March 29, 2006

French collaboration: the silence continues

A bit of a followup on this story, regarding Kurt Werner Schaechter's attempts to pressure the French national railway to acknowledge its role in shipping Jews to Nazi death camps:

A une quarantaine de kilomètres au sud de Toulouse, la gare commune aux villages de Noé et de Longages (Haute-Garonne) est fermée de longue date. Il ne subsiste plus qu'une "halte" SNCF, dotée d'un distributeur automatique de billets "momentanément hors service". Mais une plaque commémorative apposée sur la façade va bientôt rappeler aux propriétaires de la trentaine de voitures qui emplissent quotidiennement le parking que de nombreux trains de déportés sont partis d'ici, entre 1942 et 1944, direction Auschwitz-Birkenau, via Drancy. . .

La cérémonie de pose de la plaque, vendredi 31 mars, s'annonce intime, voire confidentielle. Les maires des deux communes concernées ne pensent pas y assister. Ils font valoir qu'ils n'ont pas été officiellement invités. Le directeur régional de la SNCF déléguera un adjoint. Le principal instigateur de la pose de cette plaque, Kurt Werner Schaechter, 85 ans, a prévu de faire l'aller-retour dans la journée depuis la région parisienne, où il réside. Plus de dix heures de train pour quelques minutes de cérémonie. "Ce sera furtif, sans musique ni grands discours", résume un ami toulousain du vieil homme, qu'il a assisté tout au long des quinze années passées à lutter pour que le passé ne s'efface pas.

Fils de juifs autrichiens déportés du camp de Noé, Kurt Werner Schaechter a fait de l'exercice du devoir de mémoire un combat personnel, mené en franc-tireur. Il s'est illustré, au début des années 1990, en photocopiant clandestinement des milliers de documents aux archives de la Haute-Garonne. D'après ses calculs, plus de 250 000 personnes auraient transité par le camp de Noé, avant d'être embarquées à bord des trains à la gare, distante d'un kilomètre du camp à vol d'oiseau. "Presque tous les trains de déportés partaient de là, c'était la gare la plus importante de tout le Sud-Ouest, elle permettait d'éviter les gares des grandes villes", assure M. Werner Schaechter pour expliquer le rôle historique de cette halte, perdue en rase campagne.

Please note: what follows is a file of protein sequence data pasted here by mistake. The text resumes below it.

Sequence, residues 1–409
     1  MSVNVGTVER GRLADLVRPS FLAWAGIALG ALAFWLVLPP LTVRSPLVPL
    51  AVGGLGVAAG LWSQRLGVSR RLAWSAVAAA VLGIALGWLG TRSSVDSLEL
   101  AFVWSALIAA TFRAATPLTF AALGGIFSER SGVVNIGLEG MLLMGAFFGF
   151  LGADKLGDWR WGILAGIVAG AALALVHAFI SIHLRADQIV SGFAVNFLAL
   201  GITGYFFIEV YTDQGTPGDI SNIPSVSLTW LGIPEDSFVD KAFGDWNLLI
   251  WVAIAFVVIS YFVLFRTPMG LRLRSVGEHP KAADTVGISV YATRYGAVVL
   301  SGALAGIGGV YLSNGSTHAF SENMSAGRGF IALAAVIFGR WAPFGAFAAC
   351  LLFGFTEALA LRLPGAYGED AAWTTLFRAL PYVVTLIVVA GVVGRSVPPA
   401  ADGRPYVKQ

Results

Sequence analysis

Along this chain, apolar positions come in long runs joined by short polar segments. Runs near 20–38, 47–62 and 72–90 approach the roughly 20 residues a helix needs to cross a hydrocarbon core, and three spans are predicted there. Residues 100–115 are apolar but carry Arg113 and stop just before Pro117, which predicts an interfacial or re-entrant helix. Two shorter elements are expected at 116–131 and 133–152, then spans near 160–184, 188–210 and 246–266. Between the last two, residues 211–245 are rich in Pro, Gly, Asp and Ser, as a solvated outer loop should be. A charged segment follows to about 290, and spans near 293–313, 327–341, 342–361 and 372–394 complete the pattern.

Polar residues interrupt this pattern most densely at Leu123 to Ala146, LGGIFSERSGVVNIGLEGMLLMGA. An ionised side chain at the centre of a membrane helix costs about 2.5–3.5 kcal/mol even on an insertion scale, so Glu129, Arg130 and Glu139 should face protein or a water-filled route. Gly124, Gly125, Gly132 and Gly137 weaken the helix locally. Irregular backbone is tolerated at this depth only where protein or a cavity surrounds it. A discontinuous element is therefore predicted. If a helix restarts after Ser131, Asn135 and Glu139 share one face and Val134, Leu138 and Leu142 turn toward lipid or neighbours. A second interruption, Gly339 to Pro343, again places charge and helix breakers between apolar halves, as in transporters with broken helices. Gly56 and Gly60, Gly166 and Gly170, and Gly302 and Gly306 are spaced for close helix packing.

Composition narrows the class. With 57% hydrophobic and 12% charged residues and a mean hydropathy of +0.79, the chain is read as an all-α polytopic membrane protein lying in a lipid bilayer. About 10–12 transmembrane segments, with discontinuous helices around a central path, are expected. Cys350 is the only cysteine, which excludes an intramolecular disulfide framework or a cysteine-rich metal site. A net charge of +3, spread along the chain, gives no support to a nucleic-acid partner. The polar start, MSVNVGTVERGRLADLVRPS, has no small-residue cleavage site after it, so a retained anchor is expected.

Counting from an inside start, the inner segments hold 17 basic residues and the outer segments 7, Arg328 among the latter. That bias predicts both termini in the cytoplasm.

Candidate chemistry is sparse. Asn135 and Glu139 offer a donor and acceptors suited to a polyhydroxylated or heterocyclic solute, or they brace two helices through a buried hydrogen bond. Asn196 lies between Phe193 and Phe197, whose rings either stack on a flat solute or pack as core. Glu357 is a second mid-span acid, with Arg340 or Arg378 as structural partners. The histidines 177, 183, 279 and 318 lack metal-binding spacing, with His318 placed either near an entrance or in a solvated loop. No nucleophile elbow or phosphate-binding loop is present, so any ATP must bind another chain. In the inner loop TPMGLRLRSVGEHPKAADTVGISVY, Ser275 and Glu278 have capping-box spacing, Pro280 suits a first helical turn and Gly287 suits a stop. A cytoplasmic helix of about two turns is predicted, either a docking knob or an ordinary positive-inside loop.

From Le Monde. Sorry, no time for a translation right now.

UPDATE: My translation below (automatic online translation still leaves something to be desired, I see).

Around 40 kilometers to the south of Toulouse stands the long-closed railway station shared by the villages of Noé and Longages. It consists of nothing more than a SNCF stop with an automatic ticket machine "temporarily out of service". But a commemorative plaque on the building's facade will soon tell the owners of the thirty-odd cars that use the parking lot each day about the many trains that left from here between 1942 and 1944, destination Auschwitz-Birkenau, via Drancy. . .

The dedication ceremony for the plaque, Friday March 31st, has barely been publicized. The mayors of the two neighboring towns don't plan to attend. They state that they have not been officially invited. The regional director of the SNCF will be sending an aide. The driving force behind the plaque's installation, Kurt Werner Schaechter, 85 years old, plans to make the round trip on the day from his home near Paris. More than ten hours of train travel for a ceremony lasting just a few minutes. "It will be furtive, without fanfare or speeches", comments one of the old man's friends from Toulouse, who has helped him over the last 15 years in his struggle to keep the past from being erased.